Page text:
10). On the other hand, expenditure of an individual at the 10th percentile as a percentage of the
median has decreased steadily since the 1990s- 56.67 per cent (1993-94), 56.32 per cent (2004-05)
and 55.99 per cent (2009-10).

IV. Growth and Poverty Reduction

The other side of development is deprivation. An analysis of the deprivation indicators


becomes important in the Indian context since more than 30 per cent of the Indian population is
still living below the poverty line (GoI, 2014). The extent to which the better-growing Indian states
succeeded in reducing deprivation will show the result of the trickle down strategy. With this
objective, we analyse the two important deprivation indicators and relate them to the levels of
income in this section.

Figure 1. Annual growth in per capita income and poverty decline in India (1983 to 2004-05)



Differences in the growth performance of the individual states have important implications
for poverty reduction, which is a critical objective of the national policy. The debate on poverty in
India centred around two themes: (i) whether the post-reform period succeeded in reducing the
proportion of poor in India or not; and (ii) the methodology of estimation of official poverty line
and per capita consumption expenditure estimate of NSSO, which is used for estimating head count
of the poor in India. The rationale of using head count ratio as a measure of poverty is questioned
in the literature and the need for more comprehensive indices for understanding this complex issue
is also highlighted.20 We have analysed the efficacy of states in reducing the number of poor by
taking in to account the temporal movement of per capita income growth and poverty decline. The
results are given in Figures 1 and 2. In India comparable figures of officially estimated figures for
poverty for the period 1983 to 2004-05 are available using the methodology of Lakdawala and
figures from 2004-05 to 2011-12 are available based on Tendulkar methodology (Rangarajan,
2014). Hence, we have plotted the temporal movements in separate graphs.

The percentage decline in the officially poor among the major states in India for the period
1983 to 2004-05 along with corresponding per capita income growth is given in Figures 1. Poverty
ratios for total population in major states show that it declined significantly in almost all the states
since 1983. Although there has been a decline in the proportion of people below the poverty line,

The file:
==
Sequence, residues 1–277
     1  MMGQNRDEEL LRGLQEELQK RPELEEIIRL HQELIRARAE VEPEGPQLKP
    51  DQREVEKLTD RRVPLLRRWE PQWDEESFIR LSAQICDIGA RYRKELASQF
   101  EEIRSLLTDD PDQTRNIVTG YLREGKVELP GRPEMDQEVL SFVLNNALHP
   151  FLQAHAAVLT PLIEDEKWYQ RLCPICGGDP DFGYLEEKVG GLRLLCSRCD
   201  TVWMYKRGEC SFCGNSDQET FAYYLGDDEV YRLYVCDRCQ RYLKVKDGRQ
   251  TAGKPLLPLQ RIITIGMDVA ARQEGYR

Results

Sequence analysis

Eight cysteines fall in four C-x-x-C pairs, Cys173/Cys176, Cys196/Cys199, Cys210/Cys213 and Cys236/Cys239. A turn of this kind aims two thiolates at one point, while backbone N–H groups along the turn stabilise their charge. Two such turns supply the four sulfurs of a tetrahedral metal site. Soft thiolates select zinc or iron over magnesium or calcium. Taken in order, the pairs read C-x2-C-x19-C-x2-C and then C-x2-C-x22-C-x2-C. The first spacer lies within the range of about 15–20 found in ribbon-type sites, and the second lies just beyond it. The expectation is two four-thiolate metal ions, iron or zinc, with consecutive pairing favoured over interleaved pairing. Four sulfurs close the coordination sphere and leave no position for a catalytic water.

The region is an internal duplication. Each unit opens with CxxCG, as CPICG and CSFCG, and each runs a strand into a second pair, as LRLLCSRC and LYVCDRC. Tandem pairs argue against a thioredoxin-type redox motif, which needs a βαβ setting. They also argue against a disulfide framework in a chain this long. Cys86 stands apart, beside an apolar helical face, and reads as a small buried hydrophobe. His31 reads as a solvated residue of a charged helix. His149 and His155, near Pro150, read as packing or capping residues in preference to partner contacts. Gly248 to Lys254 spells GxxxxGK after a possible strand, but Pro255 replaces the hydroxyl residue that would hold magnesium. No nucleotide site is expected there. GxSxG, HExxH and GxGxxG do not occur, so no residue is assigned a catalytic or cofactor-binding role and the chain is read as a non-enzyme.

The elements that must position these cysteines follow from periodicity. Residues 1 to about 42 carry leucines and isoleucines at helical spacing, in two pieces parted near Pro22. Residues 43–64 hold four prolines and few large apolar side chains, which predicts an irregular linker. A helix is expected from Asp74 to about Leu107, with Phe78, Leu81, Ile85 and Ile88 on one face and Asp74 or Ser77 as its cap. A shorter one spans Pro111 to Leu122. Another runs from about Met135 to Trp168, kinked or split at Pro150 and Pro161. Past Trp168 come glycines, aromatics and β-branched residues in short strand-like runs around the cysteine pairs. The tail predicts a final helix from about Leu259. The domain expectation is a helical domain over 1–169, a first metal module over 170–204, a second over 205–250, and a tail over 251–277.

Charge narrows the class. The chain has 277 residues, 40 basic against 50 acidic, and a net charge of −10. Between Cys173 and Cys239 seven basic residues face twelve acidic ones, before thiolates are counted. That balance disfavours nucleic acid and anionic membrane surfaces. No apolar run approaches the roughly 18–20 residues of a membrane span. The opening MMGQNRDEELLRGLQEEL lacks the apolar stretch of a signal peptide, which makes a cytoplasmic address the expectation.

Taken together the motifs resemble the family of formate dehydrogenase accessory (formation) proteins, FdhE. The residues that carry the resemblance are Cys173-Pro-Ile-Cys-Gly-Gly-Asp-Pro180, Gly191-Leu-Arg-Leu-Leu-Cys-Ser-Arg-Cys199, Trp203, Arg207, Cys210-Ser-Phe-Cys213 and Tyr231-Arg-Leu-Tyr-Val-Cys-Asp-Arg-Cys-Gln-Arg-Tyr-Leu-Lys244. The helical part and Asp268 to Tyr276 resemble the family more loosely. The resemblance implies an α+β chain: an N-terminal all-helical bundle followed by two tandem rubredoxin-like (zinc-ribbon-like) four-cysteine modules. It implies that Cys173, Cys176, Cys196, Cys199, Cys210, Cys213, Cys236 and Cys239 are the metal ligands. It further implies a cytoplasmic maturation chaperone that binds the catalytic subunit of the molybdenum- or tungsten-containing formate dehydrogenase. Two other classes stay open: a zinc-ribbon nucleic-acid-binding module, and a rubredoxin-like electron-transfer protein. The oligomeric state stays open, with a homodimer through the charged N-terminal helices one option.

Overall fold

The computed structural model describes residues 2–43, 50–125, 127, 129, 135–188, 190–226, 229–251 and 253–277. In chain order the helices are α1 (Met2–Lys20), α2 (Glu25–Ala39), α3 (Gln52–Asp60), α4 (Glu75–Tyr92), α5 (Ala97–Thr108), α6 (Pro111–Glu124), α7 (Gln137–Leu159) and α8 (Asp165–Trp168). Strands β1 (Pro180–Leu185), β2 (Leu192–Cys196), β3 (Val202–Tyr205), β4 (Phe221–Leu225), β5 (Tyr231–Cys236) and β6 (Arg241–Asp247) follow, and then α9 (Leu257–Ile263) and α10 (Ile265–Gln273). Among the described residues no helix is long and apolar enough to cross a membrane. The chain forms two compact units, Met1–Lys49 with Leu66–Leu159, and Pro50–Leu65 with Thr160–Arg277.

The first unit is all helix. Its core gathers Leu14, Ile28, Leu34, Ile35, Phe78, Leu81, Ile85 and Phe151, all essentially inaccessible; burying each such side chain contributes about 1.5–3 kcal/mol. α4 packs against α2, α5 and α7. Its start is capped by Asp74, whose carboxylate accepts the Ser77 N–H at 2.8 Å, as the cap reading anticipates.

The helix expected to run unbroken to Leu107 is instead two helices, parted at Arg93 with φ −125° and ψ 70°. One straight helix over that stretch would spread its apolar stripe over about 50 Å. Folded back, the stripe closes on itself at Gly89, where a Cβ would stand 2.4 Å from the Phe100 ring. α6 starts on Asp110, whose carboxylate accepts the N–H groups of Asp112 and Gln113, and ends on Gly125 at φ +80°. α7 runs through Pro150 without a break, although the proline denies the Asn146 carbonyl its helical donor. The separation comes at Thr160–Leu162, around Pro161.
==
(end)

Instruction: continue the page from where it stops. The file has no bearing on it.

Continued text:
20See Sengkupta et al. (2008) and Kannan and Ravindran (2011) for the Indian case, and Alkire and Santos (2010) for
the international scenario.

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Hari & Hatti Poverty and Inequality in India

the degree of decline varies across the states, with some having very high poverty ratios for the
total population. States like Kerala (Ker), Tamil Nadu (TN) and West Bengal (WB) attained higher
per capita income growth as well as higher decline in the number of poor. On the other hand, states
like Maharashtra (MH), Gujarat (Guj), Andhra Pradesh (AP), Karnataka (Kar), Punjab (Pu) and
Haryana (Hr) attained more than average growth in per capita income but fell short of average
performance in terms of reducing the number of poor. Uttar Pradesh (UP), Rajasthan (Rj) and
Madhya Pradesh (MP) failed in attaining higher per capita income growth as well as poverty
reduction. Bihar (Bih) and Orissa (Or), even though succeeded in a relatively better performance in
poverty reduction in spite of low per capita income growth, have a higher backlog of large number
of poor. The recent picture of states in terms of per capita income growth and poverty reduction is
given in Figure 2. In the recent years all the states in India have attained higher per capita income
growth. Uttar Pradesh, with a per capita income growth of around 5 per cent is the lowest growing
state. Along with Madhya Pradesh, it belongs to the category of low per capita income growth and
low decline in the number of poor. Even though West Bengal and Punjab belong to the same
category, they have already attained a very low level of poverty during the previous period.
Rajasthan, Bihar and Orissa have a long way to go in terms of both per capita income growth and
poverty reduction to catch up with states like Maharashtra and Andhra Pradesh. Gujarat remains in
the cluster of high growth with less than average annual decline in poverty reduction. This clearly
indicates that growth alone will not lead to poverty decline, and better redistributive policies as
done in states like Kerala and Tamil Nadu can bring down the number of poor in these states
drastically. Growth is a necessary condition but not sufficient in itself.

Figure 2. Annual growth in per capita income and poverty decline in India (2004-05 to 2011-12)

Himanshu (2007) and Dev and Ravi (2007) looked into the absolute number of poor in
different states. They found that the number of poor for the total population (rural + urban) rose in
Madhya Pradesh, Maharashtra, Odisha and Uttar Pradesh. The number of rural poor increased in
three states, Madhya Pradesh, Odisha and Uttar Pradesh in 2004-05 compared to 1993-94. On the
other hand, the number of urban poor increased in eight out of fourteen states during this period.
They further found the concentration of poor in a few states. A group of four states comprising
Bihar, Madhya Pradesh, Odisha and Uttar Pradesh had a share of 49.8 per cent of the rural poor in